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Genre: Historical Fiction
Release Date: October 2015
Publisher: SilverWood Books

Set in the thirteenth century, the kingdoms of England and France are struggling over territory as the powerful Angevins threaten the French king. In regions far from Paris local fiefdoms disregard all authority.
The Tangled Queen is the story of the little known and very young Isabella of Angoulême who was abducted by King John in 1200. She became his second wife and queen consort, aged 12. He was the most reviled king in English history and his lust for her led to the loss of Normandy and the destruction of the Plantagenet Empire, which then brought about the Magna Carta.
Isabella came of age in England, but was denied her place in court. Her story is full of thwarted ambition, passion, pride and cruelty. She longed for power of her own and returned to France after the death of John to live a life of treachery and intrigue…


Excerpt from Isabella of Angoulême: The Tangled Queen Part 1.

Isabella smiled and yawned – it was time these chattering girls left. She dismissed them, haughty and impatient. Away they sped, some calling back to Isabella, jokes and remarks full of innuendo for her future. She frowned; this was not the way to treat a future queen.
‘Agnes, help prepare me for bed.’
Agnes closed the chamber door, unlacing the back of Isabella’s dress, folding the glorious red and gold silk into the large chest. Tomorrow Isabella would wear the blue gown, the splendid blue and silver fabric showing wealth and also loyalty. If red and gold had shown the power and wealth of the Taillefers, then the blue would mark their obedience and fealty.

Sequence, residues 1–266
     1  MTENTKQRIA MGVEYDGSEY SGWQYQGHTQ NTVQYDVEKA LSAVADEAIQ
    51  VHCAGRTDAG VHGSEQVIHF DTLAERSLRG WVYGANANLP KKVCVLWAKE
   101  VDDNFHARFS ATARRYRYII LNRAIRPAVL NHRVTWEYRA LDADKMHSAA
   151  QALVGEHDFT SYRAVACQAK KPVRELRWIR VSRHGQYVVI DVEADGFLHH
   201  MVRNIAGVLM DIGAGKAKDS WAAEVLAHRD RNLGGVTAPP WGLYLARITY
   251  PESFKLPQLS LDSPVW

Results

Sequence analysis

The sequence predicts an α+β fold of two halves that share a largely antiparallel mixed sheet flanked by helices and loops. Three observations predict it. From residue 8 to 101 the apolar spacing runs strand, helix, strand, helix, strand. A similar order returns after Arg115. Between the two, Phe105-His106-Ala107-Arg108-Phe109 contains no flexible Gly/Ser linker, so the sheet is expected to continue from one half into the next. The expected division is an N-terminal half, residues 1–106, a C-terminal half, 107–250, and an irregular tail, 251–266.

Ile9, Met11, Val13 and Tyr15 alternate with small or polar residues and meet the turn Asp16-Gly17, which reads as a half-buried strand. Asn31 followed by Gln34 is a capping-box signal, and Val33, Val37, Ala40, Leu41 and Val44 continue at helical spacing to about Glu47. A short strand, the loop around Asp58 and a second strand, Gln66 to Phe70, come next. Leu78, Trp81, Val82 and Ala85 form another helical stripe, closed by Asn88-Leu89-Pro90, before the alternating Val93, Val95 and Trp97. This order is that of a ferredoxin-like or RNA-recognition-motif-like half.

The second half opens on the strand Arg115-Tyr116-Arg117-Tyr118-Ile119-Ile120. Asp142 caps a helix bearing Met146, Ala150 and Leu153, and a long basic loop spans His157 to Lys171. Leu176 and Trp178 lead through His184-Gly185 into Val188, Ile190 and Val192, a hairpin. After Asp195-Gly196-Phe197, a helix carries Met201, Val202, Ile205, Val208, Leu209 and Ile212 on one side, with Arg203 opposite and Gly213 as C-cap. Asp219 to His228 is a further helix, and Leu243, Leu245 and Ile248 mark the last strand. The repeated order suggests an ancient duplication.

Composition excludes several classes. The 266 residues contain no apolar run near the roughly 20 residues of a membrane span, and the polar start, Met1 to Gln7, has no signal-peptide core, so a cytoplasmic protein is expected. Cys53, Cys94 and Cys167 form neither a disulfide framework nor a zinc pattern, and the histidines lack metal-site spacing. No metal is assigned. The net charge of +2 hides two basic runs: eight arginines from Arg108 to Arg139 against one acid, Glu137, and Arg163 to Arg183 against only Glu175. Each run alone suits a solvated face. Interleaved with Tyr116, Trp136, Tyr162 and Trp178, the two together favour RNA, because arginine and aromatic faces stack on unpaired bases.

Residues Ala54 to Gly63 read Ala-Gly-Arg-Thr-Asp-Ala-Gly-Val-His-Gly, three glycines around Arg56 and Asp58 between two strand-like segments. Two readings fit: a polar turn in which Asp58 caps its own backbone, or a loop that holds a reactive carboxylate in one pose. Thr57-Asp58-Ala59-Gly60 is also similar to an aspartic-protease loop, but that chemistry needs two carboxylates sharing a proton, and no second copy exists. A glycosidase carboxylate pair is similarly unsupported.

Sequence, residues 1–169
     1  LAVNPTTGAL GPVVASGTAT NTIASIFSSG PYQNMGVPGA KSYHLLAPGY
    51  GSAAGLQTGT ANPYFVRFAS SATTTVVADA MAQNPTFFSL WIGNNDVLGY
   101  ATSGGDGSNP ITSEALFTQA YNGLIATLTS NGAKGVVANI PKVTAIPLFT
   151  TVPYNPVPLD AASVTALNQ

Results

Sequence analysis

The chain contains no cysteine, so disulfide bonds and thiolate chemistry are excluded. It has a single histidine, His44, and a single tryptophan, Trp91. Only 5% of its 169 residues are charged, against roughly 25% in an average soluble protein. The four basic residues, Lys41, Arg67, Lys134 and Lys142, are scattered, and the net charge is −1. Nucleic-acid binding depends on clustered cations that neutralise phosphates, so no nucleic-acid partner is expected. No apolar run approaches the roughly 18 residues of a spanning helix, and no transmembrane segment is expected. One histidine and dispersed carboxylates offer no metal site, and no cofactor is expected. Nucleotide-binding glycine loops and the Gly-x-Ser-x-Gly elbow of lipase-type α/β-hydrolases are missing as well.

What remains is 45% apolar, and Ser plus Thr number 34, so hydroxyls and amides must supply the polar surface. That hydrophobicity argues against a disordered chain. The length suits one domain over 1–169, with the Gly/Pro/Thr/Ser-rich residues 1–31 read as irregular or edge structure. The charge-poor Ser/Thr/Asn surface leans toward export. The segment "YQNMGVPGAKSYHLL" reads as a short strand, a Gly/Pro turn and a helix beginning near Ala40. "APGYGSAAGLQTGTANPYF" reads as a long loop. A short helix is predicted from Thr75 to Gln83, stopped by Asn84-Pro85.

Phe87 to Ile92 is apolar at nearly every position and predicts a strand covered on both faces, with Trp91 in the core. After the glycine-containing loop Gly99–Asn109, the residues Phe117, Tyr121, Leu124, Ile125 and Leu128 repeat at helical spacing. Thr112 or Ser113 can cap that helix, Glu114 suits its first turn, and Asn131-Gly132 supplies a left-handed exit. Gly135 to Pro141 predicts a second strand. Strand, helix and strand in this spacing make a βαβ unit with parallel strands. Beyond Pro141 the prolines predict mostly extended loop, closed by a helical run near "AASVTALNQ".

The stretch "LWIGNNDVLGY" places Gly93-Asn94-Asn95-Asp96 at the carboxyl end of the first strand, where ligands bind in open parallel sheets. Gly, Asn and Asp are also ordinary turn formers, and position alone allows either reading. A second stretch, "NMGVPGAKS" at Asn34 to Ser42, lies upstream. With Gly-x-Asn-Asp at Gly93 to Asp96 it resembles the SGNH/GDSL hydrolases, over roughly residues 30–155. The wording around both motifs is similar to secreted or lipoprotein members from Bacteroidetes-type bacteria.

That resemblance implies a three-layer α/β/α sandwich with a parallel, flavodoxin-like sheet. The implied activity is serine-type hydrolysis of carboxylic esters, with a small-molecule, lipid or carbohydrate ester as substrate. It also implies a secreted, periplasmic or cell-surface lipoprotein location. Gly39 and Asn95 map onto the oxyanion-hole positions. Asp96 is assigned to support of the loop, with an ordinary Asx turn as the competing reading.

Early the next morning Agnes was busy preparing a scented bath. Precious rose oil, drop by drop, turned the hot water cloudy. And then she was busy mixing the rosemary wash for Isabella’s hair. She would wear her hair loose today, and her small gold guirland.
Isabella woke up and saw Agnes looking at her, long and thoughtful, ready to make her stir, but she was already throwing back the covers and standing and stretching. Agnes nodded and together they moved to the bath, and Isabella slipped into the milky, perfumed water and rubbed the rosemary wash into her hair. She felt the water running down her back and shivered. Then she was being briskly dried by Agnes, who was determined to treat Isabella to the most thorough of preparations.
Her mother Alice entered the room and the three of them unfolded the wedding gown and dressed Isabella. Her chemise was soft and light, the dress heavy and cumbersome. Arranged within it, held within it as if caged, her face pale but proud, she moved to the window and looked down onto a courtyard full of people, horses, carts and wagons. A procession was moving through the crowd, with a stately canon and an even more stately bishop in the centre. The clergy were intent on their walk to the cathedral. Isabella clutched Agnes in a sudden fear. Then she rested her head on the window and took a deep breath. It was her wedding day.